Among the many reasons these men deserve to get caught, I would rank stupidity fairly high on the list.


Cosmo, the Phantom of Disguise is the first of a number of DC detectives who specialized in disguises, but used them far less than his successors would.  I find it odd that in over one third of his tales, Cosmo, the Phantom of Disguise does not bother using them.  In reality, his character seems to be largely drawn from Sherlock Holmes (also known for disguises), and he even smokes a pipe of the style that we associate with Holmes.


Cosmo has no other name.  Indeed, it is unclear if Cosmo is a first or last name.  He himself barely appears in his debut tale, which pits him against a villainous disguise artist, Taro, but from then on is unquestionably the star of the series.  Cosmo often uses disguises to allow him to infiltrate criminal organizations, or gain access to locations that allow him to solve the crime, but also impersonates people in danger, and sometimes even people who are already dead, to get the killer to reveal theirself.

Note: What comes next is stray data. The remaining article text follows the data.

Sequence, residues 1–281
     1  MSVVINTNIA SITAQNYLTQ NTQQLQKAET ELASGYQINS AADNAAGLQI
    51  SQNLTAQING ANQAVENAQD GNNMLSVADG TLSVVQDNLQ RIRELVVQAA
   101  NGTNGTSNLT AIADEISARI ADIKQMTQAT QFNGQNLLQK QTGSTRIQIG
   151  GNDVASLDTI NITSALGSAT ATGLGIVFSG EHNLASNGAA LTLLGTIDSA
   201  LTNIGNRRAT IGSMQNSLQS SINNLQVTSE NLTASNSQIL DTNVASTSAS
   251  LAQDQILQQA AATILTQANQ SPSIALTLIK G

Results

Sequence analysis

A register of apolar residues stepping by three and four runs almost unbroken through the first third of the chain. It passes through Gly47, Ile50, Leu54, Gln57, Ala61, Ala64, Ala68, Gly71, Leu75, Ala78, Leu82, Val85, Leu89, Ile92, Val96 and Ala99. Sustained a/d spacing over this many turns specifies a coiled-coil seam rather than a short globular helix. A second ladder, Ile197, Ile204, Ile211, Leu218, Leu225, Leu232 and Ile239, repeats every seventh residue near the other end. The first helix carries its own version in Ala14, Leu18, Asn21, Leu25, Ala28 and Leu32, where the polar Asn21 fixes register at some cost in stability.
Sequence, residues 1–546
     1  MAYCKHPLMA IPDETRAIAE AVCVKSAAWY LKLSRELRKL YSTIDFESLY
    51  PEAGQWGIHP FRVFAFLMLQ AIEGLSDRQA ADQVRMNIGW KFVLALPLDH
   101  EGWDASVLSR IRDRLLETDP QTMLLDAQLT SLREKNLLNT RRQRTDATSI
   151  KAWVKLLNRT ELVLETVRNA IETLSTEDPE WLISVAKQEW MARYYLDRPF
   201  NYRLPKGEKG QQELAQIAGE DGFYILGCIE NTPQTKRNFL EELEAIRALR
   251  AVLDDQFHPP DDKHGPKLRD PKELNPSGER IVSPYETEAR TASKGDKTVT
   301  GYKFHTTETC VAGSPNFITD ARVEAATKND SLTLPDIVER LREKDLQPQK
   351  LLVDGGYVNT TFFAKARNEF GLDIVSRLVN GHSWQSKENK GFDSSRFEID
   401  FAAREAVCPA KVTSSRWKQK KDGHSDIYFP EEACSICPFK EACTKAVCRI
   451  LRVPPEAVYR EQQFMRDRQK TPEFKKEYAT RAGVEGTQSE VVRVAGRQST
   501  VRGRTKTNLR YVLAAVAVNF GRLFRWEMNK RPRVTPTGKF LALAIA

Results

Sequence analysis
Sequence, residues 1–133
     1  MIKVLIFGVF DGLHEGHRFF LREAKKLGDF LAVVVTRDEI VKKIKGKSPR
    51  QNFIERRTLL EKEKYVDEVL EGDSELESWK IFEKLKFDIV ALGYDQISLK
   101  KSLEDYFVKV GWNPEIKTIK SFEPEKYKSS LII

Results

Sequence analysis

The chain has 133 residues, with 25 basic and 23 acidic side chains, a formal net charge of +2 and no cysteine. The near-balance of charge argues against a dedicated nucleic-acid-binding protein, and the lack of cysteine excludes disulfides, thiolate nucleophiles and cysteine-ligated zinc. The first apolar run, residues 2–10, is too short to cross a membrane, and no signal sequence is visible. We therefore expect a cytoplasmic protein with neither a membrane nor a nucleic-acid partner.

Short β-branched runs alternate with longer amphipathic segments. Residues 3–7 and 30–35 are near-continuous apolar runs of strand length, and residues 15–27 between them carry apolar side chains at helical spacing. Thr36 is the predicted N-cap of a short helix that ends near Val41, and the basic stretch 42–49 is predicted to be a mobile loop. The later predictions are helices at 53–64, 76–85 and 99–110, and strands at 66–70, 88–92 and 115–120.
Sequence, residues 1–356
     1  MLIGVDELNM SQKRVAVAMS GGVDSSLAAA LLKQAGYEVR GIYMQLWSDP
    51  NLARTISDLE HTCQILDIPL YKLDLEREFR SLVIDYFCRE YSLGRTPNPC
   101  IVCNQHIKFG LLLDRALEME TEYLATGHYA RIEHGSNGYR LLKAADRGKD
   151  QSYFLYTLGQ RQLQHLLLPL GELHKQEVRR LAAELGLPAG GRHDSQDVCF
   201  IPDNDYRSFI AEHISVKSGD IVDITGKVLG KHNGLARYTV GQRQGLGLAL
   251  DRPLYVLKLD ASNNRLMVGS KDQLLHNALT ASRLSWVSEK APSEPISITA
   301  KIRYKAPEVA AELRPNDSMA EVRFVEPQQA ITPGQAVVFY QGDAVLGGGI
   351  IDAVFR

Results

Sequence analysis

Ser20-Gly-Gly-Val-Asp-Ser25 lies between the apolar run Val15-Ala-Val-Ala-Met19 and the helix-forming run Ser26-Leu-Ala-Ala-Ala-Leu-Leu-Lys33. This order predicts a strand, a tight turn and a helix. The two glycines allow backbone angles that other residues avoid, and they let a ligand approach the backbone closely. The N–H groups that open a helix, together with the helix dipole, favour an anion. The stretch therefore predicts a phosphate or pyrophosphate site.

Bret Lawton is an “ace international detective” who appears only in the first two issues of Detective Comics.  He is hanging out in a bar in Cristobal, Panama, when he receives a letter from an old friend, Tim Morgan, currently running a mine in Peru, who needs help solving a series of murders that have occurred.

Bret heads to Peru, and spends 10 days at the mine, during which more men get killed, and Bret does little other than determine that the dead men had unusual puncture marks on their necks, and that they all died in the vicinity of an abandoned mine.  Somehow Tim never noticed either of those things.  Bret also notes that a large emerald is found near one of the bodies, indicating that the murders were done for some motive other than theft.


He heads into the jungle with an Inca guide who explains that the Inca are no more, they were killed off or work in the mines, but we see one atop a pyramid watching them.